In General Aviation light twins, when landing in heavy crosswinds,
what are some considerations to using asymmetric (or Split) throttles
to induce a sideslip, to align the fuselage with the ground track and
the runway centerline instead of rudder?
I was told that this technique allows the aircraft to track down the
runway centerlines with fuselage aligned with the runway without as
much bank angle into the crosswind as would be required with symmetric
thrust using cross-controlled rudder and opposite aileron alone.
The opposite is actually true-- using differential thrust instead of rudder to hold heading in a wing-down final approach and landing actually creates a slight increase in the bank angle required to hold the aircraft on the desired track.
Consider final approach at a fixed airspeed, with a crosswind from the left. Consider that we are using the wing-down (slipping) method, aiming to hold the fuselage completely parallel to the runway centerline throughout the last part of the final approach. The angle between the relative wind and the fuselage is constrained to a fixed value. The component of aerodynamic sideforce toward the right that is created by the airflow impacting the left side of the fuselage is also constrained to a fixed value. However, if both throttles are set the same, then to hold the heading constant, we need to deflect the rudder to the right to counteract the left "weathervane" yaw torque from the sideways airflow against the vertical fin. The deflected rudder contributes an aerodynamic sideforce toward the left, which reduces the overall bank angle required. (To prevent the aircraft from turning, the bank angle must be sufficient to create a horizontal component of lift to the left that is sufficent to overcome the horizontal component of the net aerodynamic sideforce toward the right.) If we hold heading by increasing the power on the left engine, so that we can relax the right rudder input, the leftwards aerodynamic sideforce from the deflected rudder vanishes, so we'll need to use more left bank, not less.
In theory, we could reduce the required bank angle by applying differential thrust in the other direction, so that more right rudder is required, but this is undoubtedly never done in actual practice.
Clearly, the real purpose of the differential thrust is simply to relieve the pilot of the need to hold downwind rudder, i.e. to deflect the rudder opposite to the bank angle. How significant is the resulting increase in the required bank angle? Or in other words, how significant is the reduction in the required bank angle if the pilot uses the rudder rather than differential thrust in the crosswind landing?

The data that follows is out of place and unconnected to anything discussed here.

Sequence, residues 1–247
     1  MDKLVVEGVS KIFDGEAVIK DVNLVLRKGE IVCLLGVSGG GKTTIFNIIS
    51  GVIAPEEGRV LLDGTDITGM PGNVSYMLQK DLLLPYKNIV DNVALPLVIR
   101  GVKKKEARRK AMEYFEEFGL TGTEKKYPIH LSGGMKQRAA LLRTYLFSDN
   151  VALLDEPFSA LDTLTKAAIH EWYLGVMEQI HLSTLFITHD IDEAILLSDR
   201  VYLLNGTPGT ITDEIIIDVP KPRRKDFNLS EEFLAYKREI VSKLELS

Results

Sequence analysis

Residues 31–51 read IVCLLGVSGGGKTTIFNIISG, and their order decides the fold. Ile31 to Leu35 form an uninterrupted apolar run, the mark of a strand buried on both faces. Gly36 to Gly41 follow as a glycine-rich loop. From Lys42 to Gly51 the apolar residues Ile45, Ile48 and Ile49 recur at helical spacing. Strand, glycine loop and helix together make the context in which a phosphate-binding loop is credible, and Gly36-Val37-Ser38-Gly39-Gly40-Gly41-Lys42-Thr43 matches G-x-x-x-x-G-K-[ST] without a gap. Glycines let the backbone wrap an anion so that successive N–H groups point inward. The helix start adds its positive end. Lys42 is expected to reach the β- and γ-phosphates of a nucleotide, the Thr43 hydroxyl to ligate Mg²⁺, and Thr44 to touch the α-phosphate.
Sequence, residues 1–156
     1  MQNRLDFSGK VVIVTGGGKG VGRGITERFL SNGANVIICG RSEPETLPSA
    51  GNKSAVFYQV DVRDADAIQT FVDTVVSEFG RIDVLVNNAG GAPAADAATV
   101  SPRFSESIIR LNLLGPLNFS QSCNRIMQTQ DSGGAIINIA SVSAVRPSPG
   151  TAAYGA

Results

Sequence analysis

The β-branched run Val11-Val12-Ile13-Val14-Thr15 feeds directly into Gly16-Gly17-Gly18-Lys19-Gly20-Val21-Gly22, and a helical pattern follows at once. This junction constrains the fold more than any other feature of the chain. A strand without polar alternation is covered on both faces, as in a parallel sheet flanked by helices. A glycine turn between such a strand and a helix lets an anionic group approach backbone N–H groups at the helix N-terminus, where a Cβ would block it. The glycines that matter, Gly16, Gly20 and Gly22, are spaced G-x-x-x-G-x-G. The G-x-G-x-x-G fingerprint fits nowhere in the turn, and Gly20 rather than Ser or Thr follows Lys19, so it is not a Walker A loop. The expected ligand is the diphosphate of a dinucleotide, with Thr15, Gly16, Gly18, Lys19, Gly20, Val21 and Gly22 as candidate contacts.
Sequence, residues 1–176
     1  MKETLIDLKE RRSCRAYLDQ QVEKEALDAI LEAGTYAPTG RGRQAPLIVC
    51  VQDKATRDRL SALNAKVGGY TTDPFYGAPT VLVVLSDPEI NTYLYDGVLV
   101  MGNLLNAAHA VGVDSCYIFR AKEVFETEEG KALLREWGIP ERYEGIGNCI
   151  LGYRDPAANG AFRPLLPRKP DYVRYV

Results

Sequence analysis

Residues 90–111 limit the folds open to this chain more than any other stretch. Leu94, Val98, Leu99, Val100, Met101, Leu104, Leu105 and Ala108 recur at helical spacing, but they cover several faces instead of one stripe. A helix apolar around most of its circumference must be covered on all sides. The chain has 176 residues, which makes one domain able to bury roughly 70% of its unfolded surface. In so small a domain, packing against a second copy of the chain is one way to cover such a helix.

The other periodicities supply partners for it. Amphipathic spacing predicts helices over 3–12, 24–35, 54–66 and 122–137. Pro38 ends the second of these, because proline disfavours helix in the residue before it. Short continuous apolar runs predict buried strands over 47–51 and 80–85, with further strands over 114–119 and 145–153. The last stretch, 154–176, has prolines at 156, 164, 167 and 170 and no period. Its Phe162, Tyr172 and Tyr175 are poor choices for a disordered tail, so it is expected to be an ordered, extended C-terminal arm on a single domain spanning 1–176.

Consider the situation of a failed engine. In an engine-out situation, the pilot is typically advised to bank about 5 degrees--rarely much more than that-- into the good engine to cancel the sideforce from the rudder and allow linear flight with the fuselage streamlined to the airflow.
If the wing-down sideslip for the crosswind landing requires substantially less rudder deflection than would be needed to compensate for a failed engine at that same airspeed-- as is undoubtedly the case-- then it follows that the reduction in bank angle achieved by maintaining the sideslip with the rudder rather than with differential throttle will be substantially less than 5 degrees. In words, not very significant. It is clear why a pilot might choose to accept this small increase in bank angle, to relieve the need to hold downwind rudder.
The sideforce from the deflected rudder itself is clearly very small compared to the sideforce from the airflow striking the side of the fuselage as the aircraft maintains the slip angle required for the wing-down crosswind landing.
Note also that "loading up" the lowered wing while "unloading" the raised wing (via the differential power setting and resulting difference in propwash velocity) will slightly increase the aileron input needed to equalize the lift vector from each wing and bring the net roll torque to zero and hold the desired bank angle.
The bottom line is that a pilot using differential thrust to reduce or eliminate the required rudder deflection during a wing-down approach to a crosswind landing is accepting a slight increase in the required bank angle, for the sake of going easy on the muscles in his downwind leg.
Related -- Why does a pilot bank up to 5 degrees into the operating engine following failure of the other engine?